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The cormorant/fisherman conflict in Tillamook County, Oregon Public Deposited

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  • The cormorant/fisherman issue is not limited to Tillamook County in 1988-1989 but is symptomatic of a widespread conflict of some fishermen with fish-eating animals. Predators, specifically cormorants, have been blamed for the "ruin" of the Tillamook fisheries, but the effects of cormorant predation have been exaggerated. Actually, current salmon and steelhead catches are similar to or greater than many catches prior to 1972, when several "predators" (including Double-crested Cormorants) were not protected by law. Although it is clear that cormorants can eat some smolts in Tillamook Bay, it is unreasonable to assume that they eat as many as has been suggested. For example, when figures that appeared in a Tillamook newspaper are added up, cormorants in Tillamook Bay in 1988 were suggested to eat nearly three times as many smolts as were released there! Because a few Tillamook County fishing guides and fishermen felt that cormorants were destroying their salmon and steelhead fisheries, they pressured the Oregon Department of Fish and Wildlife (ODFW) into giving them permits to harass (but not kill) cormorants in the spring of 1988 on public waters of Nehalem and Tillamook Bays. The permittees were not supervised to be sure that they did not disturb or harm nontarget wildlife (i.e., wildlife other than the targeted cormorants) or did not kill cormorants. After the ODFW announced in late November 1988 that they would not be issuing cormorant harassment permits in 1989, a few Tillamook fishing guides and fishermen worked to pass House Bill 3185 during the 1989 Oregon Legislative session. House Bill 3185 would have allowed cormorant harassment along the entire Oregon Coast any time during the year, but the Bill failed. Then, in July 1989, the Oregon Fish and Wildlife Commission refused to consider granting harassment permits to fishing guides and fishermen. Thus, cormorant harassment in 1989 was not legalized, although some harassment apparently occurred illegally. Cormorant harassment in Tillamook County does not currently meet the requirements to justify an animal damage control program. For example, one criterion of such a program is that there be minimal compensatory predation (i.e., prey saved from the controlled predator is taken by noncontrolled predators). But if cormorants are harassed, there are many other predators that could eat the "saved" smolts, including adult coho and chinook salmon, steelhead, cutthroat trout, and striped bass that may eat millions of salmon and steelhead smolts along the Oregon Coast each year. Current information indicates that documented smolt losses from cormorant predation may not compensate the economic, biological, aesthetic, and social costs of harassment. Biological costs include disturbance to nontarget wildlife such as waterfowl or threatened and endangered birds like the Bald Eagle and Brown Pelican; disturbance would unavoidably accompany cormorant harassment. One social cost of interest is that predator control of cormorants to "save" salmon is arbitrary and capricious, since salmon are themselves a significant predator of young Dungeness crabs and fish important to other Oregon commercial and sports fishermen. Alternatives to cormorant harassment exist and would address all smolt predation, not just that by cormorants. These alternatives include changing hatchery practices, so that smolts survive better after release. These alternatives should be at least considered. Biologists may have somewhat defused the cormorant harassment issue if they were more able to communicate with nonbiologically-trained fishermen, but even so, there are a few fishing guides and fishermen who refuse to believe any information that does not agree with their own opinions.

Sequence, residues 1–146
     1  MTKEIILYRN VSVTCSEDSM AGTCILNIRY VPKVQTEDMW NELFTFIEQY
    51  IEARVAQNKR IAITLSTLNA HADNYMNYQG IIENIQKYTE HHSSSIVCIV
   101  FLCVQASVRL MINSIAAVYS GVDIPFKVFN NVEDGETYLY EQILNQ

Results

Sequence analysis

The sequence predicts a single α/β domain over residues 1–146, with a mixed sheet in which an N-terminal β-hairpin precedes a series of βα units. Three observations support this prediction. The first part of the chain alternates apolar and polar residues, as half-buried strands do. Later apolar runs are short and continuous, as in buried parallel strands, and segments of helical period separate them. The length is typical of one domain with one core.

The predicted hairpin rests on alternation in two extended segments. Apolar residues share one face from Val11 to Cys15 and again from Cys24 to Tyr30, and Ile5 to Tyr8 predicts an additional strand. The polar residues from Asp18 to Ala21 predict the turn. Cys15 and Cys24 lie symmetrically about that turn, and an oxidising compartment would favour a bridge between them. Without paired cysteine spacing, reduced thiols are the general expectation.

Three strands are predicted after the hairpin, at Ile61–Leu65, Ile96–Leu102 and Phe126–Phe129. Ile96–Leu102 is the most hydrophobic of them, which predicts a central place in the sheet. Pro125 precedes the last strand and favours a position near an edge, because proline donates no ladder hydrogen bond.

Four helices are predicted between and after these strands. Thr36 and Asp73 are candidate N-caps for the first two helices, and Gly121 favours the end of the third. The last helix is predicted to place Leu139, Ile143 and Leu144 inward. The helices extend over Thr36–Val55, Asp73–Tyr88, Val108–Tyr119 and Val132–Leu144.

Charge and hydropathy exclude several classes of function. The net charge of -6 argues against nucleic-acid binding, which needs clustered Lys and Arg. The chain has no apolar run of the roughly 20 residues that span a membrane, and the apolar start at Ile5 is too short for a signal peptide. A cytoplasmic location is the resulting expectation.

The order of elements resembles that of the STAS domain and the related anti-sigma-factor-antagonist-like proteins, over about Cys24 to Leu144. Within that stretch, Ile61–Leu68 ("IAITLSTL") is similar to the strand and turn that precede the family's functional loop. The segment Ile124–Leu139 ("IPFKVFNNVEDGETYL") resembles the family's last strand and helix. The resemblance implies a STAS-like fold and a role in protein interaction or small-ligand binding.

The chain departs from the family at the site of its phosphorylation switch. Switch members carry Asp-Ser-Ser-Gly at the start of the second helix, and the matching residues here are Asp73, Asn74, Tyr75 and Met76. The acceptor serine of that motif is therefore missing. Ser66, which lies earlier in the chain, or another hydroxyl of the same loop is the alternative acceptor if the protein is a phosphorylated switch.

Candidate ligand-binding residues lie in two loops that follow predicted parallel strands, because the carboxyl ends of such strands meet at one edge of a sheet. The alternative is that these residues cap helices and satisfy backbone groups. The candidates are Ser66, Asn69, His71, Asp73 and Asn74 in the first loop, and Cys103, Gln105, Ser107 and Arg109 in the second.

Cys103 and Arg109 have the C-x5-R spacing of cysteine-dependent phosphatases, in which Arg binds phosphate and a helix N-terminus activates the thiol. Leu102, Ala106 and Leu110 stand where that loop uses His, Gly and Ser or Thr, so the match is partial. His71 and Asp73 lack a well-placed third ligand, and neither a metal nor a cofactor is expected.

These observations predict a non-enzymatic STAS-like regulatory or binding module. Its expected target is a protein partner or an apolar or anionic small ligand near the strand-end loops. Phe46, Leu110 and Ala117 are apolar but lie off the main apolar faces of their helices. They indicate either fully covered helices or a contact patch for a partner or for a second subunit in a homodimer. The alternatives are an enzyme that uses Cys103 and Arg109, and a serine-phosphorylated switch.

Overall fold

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  • Bayer, Range D. 1989. The cormorant/fisherman conflict in Tillamook County, Oregon. Studies in Oregon Ornithology No. 6.
Table of Contents
  • Title Page -- Copyright Page -- Abstract -- Preface -- Acknowledgments -- Table of Contents -- List of Tables -- List of Figures -- Conventions Used in this Monograph -- Chapter -- Appendix -- Literature Cited -- Index
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